There are many organisations with initiatives related to dark skies:
The International Dark-Sky Association (IDA) is the world authority on light pollution and is the leading organization combating light pollution to protect the night skies for present and future generations.
The International Dark Sky Places (IDSP) Program was founded in 2001 to encourage communities, parks and protected areas around the world to preserve and protect dark sites through responsible lighting polices and public education. A number of UK National Parks have been awarded International Dark Sky Park and Reserve Status, areas designated by the IDA for the quality of their night skies.
We're especially proud that of 18 International Dark Sky Reserves in the world, the UK has seven in National Parks and Areas of Outstanding Natural Beauty (AONB) - Brecon Beacons, Cranborne Chase AONB, Exmoor, Moore’s Reserve in the South Downs, North York Moors, Snowdonia and Yorkshire Dales.
We're also home to two International Dark Sky Parks - Northumberland National Park and Kielder Water & Forest Park, and Tomintoul and Glenlivet in the Cairngorms National Park.
The UK Dark Skies Partnership is an informal collaboration of professional organisations, institutions and UK protected landscapes. Its specific commitments are the protection and improvement of dark skies over both International Dark-Sky Association Dark Sky Places and others, and the progressive reduction of both urban and rural light pollution through better lighting practice.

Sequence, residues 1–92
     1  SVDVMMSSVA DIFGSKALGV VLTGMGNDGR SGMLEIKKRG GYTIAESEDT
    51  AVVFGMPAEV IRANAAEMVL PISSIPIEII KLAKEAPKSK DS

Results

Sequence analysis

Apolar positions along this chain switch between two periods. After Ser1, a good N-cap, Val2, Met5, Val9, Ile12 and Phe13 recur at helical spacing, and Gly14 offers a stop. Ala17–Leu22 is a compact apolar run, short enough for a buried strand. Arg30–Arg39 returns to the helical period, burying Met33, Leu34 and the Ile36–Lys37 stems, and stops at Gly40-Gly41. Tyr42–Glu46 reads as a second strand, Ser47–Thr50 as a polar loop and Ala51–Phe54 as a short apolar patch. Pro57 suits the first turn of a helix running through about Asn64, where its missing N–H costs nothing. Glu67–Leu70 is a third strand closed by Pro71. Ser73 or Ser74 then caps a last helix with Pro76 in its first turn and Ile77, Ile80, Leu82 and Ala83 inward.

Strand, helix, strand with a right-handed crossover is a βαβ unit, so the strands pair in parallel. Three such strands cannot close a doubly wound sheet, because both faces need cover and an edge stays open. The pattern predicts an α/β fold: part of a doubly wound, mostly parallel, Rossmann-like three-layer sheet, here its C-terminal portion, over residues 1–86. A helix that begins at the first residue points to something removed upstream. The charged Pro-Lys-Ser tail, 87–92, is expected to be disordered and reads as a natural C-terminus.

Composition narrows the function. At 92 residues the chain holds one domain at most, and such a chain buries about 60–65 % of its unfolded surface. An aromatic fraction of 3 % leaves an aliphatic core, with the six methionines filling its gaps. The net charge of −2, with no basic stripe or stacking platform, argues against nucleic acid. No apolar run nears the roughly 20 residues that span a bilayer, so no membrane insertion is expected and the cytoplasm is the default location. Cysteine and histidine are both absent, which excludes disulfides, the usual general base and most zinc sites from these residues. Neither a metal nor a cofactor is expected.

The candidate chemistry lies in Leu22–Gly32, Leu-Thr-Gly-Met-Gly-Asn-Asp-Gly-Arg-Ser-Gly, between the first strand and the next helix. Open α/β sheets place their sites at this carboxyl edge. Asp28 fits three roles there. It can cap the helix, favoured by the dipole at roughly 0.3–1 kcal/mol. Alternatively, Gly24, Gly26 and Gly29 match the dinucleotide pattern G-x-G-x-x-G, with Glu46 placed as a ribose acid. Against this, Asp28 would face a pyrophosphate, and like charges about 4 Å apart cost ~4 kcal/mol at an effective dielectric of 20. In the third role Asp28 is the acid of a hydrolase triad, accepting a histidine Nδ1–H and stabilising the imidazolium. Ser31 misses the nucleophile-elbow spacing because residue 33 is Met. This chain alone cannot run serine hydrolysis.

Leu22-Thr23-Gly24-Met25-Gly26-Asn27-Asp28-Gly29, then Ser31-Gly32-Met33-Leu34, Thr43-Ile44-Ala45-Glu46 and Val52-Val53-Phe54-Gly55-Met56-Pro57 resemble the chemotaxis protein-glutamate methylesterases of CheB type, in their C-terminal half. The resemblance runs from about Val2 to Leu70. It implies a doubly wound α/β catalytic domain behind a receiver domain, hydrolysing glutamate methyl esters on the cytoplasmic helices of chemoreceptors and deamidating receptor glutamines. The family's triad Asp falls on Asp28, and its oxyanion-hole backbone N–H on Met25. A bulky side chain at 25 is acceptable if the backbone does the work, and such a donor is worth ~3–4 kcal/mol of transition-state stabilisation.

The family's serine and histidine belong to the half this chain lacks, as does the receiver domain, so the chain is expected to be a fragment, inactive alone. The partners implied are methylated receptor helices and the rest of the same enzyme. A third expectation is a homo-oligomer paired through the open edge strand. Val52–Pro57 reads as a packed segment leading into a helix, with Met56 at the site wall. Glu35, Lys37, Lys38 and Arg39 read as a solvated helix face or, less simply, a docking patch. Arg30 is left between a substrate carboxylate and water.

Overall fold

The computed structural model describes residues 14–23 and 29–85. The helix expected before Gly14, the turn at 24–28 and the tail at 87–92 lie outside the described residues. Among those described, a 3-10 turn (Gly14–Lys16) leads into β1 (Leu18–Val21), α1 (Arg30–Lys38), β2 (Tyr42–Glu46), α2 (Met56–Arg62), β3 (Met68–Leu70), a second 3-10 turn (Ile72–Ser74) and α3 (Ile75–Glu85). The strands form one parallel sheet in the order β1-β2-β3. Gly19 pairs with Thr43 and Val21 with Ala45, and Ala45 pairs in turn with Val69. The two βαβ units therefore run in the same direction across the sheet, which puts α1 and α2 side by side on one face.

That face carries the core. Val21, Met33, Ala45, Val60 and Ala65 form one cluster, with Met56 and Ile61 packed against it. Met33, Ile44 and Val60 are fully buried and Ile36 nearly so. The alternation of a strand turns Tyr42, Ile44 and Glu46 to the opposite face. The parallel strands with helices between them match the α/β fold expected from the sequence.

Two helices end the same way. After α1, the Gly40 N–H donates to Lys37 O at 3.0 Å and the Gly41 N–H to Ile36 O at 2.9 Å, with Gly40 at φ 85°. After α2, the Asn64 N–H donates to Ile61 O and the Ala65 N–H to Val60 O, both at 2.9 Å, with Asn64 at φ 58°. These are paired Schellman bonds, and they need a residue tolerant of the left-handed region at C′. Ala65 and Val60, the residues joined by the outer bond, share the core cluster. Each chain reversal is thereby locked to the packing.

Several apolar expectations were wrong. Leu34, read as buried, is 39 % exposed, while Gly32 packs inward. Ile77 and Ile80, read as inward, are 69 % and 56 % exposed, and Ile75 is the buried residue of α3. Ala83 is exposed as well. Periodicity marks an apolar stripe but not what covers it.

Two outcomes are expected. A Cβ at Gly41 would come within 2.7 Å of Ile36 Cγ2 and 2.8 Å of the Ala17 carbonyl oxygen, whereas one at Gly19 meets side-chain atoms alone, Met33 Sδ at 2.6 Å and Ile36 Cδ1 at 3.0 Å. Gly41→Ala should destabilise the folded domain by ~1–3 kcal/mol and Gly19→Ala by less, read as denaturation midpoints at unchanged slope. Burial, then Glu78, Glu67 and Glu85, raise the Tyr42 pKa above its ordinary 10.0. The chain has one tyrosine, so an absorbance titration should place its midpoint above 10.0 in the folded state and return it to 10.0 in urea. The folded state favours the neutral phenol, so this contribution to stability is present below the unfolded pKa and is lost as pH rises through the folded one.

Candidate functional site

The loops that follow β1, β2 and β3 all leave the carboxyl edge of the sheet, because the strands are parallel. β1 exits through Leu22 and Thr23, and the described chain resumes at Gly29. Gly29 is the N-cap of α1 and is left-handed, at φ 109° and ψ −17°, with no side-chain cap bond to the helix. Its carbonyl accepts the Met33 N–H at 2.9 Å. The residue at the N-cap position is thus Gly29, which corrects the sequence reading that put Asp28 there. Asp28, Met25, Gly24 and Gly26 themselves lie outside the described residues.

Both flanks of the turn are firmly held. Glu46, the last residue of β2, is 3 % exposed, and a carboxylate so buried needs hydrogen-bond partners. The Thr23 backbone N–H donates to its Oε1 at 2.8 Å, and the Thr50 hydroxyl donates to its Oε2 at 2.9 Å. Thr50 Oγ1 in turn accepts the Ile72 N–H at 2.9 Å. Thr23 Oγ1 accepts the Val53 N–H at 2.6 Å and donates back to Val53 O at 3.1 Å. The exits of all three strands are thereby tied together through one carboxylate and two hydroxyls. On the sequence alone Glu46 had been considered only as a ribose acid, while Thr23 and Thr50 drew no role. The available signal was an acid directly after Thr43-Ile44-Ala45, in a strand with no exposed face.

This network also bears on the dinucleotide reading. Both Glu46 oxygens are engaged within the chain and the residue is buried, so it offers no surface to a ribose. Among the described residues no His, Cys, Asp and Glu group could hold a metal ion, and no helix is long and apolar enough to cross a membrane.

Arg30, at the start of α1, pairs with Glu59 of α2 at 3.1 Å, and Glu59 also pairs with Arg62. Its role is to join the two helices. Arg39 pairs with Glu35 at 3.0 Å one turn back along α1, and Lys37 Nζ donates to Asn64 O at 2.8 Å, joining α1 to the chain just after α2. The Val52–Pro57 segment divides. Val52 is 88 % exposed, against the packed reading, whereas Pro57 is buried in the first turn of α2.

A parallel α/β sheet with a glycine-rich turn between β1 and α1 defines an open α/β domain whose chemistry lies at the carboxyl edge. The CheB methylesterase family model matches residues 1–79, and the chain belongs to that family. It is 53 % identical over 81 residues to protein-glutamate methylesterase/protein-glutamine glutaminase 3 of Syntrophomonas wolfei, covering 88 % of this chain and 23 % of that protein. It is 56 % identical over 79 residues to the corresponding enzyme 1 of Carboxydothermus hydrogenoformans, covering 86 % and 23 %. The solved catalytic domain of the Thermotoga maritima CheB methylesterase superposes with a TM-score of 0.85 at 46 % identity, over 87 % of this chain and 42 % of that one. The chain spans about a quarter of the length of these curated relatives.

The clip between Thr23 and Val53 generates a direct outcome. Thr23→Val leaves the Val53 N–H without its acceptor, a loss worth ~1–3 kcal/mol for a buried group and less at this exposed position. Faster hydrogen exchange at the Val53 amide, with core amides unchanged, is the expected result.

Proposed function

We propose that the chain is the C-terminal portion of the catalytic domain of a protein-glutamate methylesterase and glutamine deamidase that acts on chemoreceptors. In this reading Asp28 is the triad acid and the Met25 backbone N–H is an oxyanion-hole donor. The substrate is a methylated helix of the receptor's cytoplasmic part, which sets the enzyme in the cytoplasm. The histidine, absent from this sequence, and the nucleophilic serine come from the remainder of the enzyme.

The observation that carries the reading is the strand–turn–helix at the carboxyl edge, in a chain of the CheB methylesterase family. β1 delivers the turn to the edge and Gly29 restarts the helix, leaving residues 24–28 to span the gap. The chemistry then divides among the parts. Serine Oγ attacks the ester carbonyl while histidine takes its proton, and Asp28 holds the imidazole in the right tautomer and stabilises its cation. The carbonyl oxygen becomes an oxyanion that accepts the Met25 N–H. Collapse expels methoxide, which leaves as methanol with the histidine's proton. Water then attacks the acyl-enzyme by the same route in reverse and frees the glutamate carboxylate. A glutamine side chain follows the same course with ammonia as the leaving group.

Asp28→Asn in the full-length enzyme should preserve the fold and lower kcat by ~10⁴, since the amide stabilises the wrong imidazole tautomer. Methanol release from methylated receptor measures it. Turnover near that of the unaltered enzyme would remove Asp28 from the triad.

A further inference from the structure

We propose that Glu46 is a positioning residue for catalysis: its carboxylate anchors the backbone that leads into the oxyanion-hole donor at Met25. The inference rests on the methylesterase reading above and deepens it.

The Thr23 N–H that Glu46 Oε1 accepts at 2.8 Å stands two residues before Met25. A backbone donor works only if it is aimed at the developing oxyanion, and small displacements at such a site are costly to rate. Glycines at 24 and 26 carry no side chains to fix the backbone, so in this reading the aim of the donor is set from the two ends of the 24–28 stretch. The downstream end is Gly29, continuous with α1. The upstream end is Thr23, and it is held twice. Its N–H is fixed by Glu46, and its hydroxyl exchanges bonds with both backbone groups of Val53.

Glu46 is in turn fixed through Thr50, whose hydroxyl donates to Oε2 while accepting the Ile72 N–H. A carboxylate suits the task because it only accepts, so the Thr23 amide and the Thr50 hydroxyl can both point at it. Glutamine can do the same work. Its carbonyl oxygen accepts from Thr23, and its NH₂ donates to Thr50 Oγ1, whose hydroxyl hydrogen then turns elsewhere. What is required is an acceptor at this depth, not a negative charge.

Dark Sky Discovery Sites is a nationwide network of places that provide great views of the night sky and which are accessible to everyone. In order to qualify for Dark Sky Discovery Site status, the locations need to meet a number of criteria that make them safe and accessible as well as having suitably dark skies.
View of map of Dark Sky Discovery Sites.
Find other great places for stargazing on the Go Stargazing website.